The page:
TBR Challenge: Candy Apple Red

Wow. Looks like my last several blogposts have all been about the TBR challenge. Between the new grandbaby, and getting my dad settled in the nursing home, and finding all their paperwork to get sent off to the accountants for taxes, and then fighting off the bronchitis from !*@&#!, I haven’t posted anything here, have I?

But I’ve been good. I realized the challenge was coming up, and went to my TBR shelves to see what I was in the mood to read. See, I didn’t list any books as “intending to read” for the challenge. What I want to read depends on my mood, and if I’m not in the right mood, I can’t get through things I might have had on my list. So, I just perused my shelves (and moved a lot of stuff around), and picked out CANDY APPLE RED by Nancy Bush.

So. The book is a September 2006 release from Kensington, book #1 in the Jane Kelly series.

Why was it on my TBR shelf? Because I got it free from an RWA conference, I think. 2006 was several years ago, and my mind does well to remember what I was doing last week. I’m pretty sure I brought it home because I thought I’d probably enjoy reading it, stuck it on the shelf, and never got much farther. Sigh.

It IS by a new-to-me author, which was the suggestion for March, so I succeeded there. It’s not really a romance.

The Review: There’s a blurb on the front cover from Lisa Jackson that says “Move over Stephanie Plum, Jane Kelly has arrived.”   This to me would intimate that the book is slapstick funny, with lots of quirky characters and things blowing up. It’s not. It’s a pretty good read, but it’s not slapstick. It’s your basic cozy mystery with relationship issues and a single-gal protagonist.

Jane Kelly is what her married accountant friend Billy calls a “hatchery fish.” Someone who takes the easy route, rather than struggling upstream. She moved to Portland, OR, following a man, and just sort of stayed when he moved on. She works as a process server, and does a bit of research for a private investigator. (She does get “treed” by a mean dog on top of her car and has to call her friend for a rescue, but her friend is not a Lula-type. She has more sense than Jane.) She’s slightly attracted to the PI, but doesn’t want to be. She’s still hung up on the guy who moved on, Murphy.

There’s an old mystery at the heart of all this. Murphy’s best friend Bobby was accused of murdering his entire family–wife and 3 kids–and vanishing, several years ago. It’s why Murphy left town–he didn’t want to believe it. The cops think Bobby’s parents–rich and divorced–have been supporting him. But now Bobby’s Mom wants Jane to use her connection with Murphy to talk to Bobby’s Dad and find out where he–Bobby–is. Jane doesn’t want to. She wants to be over Murphy. Then Bobby turns up drowned in the lake.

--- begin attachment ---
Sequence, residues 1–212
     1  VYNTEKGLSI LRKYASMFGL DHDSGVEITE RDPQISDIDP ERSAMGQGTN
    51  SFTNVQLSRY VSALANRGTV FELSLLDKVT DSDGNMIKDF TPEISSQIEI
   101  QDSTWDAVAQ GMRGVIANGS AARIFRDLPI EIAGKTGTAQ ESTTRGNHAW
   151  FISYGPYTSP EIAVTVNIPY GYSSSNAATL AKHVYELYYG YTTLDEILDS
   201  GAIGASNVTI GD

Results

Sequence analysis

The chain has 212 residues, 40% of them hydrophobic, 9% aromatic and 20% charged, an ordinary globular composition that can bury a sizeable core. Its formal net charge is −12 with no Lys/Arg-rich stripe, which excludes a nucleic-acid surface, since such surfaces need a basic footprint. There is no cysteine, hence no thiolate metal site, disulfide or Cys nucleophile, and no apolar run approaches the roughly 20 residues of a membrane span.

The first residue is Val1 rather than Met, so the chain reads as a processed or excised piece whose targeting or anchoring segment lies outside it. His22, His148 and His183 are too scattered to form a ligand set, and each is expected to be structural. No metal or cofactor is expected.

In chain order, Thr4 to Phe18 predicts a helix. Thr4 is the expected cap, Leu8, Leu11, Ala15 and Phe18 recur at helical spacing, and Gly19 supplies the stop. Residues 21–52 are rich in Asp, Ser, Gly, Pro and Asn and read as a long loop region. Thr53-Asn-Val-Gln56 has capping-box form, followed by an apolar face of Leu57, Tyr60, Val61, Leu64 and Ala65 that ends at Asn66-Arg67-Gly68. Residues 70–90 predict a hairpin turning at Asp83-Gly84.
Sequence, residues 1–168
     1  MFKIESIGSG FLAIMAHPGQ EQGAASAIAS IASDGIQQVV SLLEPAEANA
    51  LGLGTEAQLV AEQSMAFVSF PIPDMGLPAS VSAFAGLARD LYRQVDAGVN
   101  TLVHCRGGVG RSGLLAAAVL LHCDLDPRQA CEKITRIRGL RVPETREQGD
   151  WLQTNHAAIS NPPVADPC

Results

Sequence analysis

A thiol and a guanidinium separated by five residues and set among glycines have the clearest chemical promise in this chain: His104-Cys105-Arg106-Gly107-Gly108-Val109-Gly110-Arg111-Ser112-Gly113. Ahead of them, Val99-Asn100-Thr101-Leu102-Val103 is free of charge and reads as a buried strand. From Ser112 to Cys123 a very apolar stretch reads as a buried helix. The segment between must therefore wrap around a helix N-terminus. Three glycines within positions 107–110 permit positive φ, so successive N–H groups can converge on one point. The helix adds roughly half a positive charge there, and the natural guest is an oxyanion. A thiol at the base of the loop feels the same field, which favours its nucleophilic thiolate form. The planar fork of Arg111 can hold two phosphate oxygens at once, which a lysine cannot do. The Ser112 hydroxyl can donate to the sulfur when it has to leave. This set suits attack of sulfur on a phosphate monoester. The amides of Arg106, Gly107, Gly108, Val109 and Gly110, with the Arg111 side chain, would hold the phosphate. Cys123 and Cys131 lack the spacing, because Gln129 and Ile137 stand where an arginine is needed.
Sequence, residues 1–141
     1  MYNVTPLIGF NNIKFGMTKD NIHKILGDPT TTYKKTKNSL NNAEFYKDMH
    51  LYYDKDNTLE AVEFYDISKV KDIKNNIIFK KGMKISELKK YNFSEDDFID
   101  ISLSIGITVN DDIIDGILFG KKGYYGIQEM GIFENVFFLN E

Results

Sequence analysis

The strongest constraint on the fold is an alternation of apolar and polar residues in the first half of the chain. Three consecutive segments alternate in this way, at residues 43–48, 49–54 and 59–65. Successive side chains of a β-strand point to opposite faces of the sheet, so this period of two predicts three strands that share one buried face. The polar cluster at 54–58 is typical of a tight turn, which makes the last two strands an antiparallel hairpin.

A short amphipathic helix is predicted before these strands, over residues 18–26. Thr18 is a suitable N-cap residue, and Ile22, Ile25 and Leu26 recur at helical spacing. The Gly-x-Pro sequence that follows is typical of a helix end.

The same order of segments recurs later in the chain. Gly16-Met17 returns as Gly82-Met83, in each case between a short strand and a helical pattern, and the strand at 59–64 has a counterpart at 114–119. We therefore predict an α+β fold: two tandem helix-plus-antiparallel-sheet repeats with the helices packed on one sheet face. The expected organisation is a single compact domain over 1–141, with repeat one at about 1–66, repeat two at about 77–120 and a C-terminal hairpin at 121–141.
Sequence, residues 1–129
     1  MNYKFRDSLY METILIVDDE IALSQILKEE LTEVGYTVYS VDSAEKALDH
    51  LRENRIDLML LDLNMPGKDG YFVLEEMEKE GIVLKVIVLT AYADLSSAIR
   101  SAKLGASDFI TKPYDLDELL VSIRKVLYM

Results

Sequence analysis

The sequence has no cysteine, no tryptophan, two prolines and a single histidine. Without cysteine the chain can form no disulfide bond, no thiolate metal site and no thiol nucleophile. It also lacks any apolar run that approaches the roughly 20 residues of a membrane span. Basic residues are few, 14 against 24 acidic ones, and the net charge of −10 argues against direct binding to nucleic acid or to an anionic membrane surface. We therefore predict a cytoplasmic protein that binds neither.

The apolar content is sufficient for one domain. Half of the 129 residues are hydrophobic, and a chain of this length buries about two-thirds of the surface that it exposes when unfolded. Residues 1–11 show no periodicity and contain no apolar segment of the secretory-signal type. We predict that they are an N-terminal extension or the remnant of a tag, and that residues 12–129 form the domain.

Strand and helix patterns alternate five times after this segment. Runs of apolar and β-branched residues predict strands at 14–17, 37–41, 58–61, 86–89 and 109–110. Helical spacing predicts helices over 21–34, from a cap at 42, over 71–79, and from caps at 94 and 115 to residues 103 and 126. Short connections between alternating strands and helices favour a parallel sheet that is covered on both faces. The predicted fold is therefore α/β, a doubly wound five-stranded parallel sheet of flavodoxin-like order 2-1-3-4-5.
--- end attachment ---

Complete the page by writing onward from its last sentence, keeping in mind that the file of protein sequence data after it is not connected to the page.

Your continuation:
This story has a lot of threads and a lot of subtext. It’s complicated–and it’s not. The thing about mystery stories–most of the story is about the character’s everyday life, with, admittedly, lots of going here to talk to this person and there to sneak around that person’s house. In this story, there was a lot of riding in boats to go drink at a restaurant on a lake, or going to eat at this other restaurant. There were a lot of clothes. Jane claimed not to care much about what she wore, but Nancy Bush spent a lot of time describing what she wore. There was a fair bit of mayhem. Bush did a good job hiding the identity of the murderer. It was a fairly interesting mystery.

I’m trying to come up with my main impression of the book, and maybe what I see as the main difference between this one and others of a similar type that I’ve enjoyed more. And I’m not saying I didn’t enjoy it, but…it felt like something was missing. It didn’t have the brash voice of an Evanovich book, but I like a lot of series that don’t. It felt… Dry. (For all the tootling around on–and in–the lake Jane did.) I know it’s not a romance, or even romantic suspense, but the heart didn’t seem to be in it. Her lingering obsession with Murphy seemed a tad academic, and her attraction to Dwayne (her boss PI) seemed to appear only when Bush needed it to. The emotion was played so far down, it felt dry.

So over all, it was an interesting read, it kept my attention all the way through to the end, without me yelling at the book for info dumping or researchitis or anything. But I don’t know if I’m going to go out of my way to read any more by this author. This one’s going to fall somewhere between “I liked it” and “It was okay.”

I have drugs for the bronchitis. I sure hope they kick this stuff on its butt soon! I’m tired of feeling like crap.

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